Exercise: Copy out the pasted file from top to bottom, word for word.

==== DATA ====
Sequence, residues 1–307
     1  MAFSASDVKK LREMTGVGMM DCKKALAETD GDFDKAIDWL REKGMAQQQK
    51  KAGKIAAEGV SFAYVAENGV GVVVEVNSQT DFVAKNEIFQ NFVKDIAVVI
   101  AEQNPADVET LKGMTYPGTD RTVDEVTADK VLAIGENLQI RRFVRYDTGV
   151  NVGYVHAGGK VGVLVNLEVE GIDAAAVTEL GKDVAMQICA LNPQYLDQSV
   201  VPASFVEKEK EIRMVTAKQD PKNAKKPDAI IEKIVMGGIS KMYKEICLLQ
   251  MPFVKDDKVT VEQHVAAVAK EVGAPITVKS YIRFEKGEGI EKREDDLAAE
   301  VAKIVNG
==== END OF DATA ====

Sequence, residues 1–307
     1  MAFSASDVKK LREMTGVGMM DCKKALAETD GDFDKAIDWL REKGMAQQQK
    51  KAGKIAAEGV SFAYVAENGV GVVVEVNSQT DFVAKNEIFQ NFVKDIAVVI
   101  AEQNPADVET LKGMTYPGTD RTVDEVTADK VLAIGENLQI RRFVRYDTGV
   151  NVGYVHAGGK VGVLVNLEVE GIDAAAVTEL GKDVAMQICA LNPQYLDQSV
   201  VPASFVEKEK EIRMVTAKQD PKNAKKPDAI IEKIVMGGIS KMYKEICLLQ
   251  MPFVKDDKVT VEQHVAAVAK EVGAPITVKS YIRFEKGEGI EKREDDLAAE
   301  VAKIVNG